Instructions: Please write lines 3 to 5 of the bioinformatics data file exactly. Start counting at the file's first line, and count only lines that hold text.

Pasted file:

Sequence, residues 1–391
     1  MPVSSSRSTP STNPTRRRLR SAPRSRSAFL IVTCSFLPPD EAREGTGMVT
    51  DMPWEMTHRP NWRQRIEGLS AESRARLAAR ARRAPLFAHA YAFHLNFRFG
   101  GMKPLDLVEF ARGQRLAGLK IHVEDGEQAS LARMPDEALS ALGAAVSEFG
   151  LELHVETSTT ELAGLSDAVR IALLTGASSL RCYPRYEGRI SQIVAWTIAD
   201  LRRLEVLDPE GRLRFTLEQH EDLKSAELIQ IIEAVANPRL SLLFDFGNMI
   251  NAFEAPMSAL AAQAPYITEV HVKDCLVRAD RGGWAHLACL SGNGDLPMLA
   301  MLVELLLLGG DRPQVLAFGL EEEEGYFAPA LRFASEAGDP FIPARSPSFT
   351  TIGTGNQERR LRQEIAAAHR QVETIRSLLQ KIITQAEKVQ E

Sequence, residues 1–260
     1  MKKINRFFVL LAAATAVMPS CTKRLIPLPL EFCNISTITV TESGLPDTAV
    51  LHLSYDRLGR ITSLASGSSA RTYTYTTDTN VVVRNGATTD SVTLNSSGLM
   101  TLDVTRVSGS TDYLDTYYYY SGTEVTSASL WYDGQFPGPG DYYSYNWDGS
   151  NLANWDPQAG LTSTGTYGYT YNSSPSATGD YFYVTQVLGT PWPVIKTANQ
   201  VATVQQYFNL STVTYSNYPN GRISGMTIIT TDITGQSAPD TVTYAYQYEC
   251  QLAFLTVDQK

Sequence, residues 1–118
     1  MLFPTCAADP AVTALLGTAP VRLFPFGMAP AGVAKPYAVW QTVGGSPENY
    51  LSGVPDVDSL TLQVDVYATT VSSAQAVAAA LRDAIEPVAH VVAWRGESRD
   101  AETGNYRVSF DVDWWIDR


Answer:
    51  DMPWEMTHRP NWRQRIEGLS AESRARLAAR ARRAPLFAHA YAFHLNFRFG
   101  GMKPLDLVEF ARGQRLAGLK IHVEDGEQAS LARMPDEALS ALGAAVSEFG
   151  LELHVETSTT ELAGLSDAVR IALLTGASSL RCYPRYEGRI SQIVAWTIAD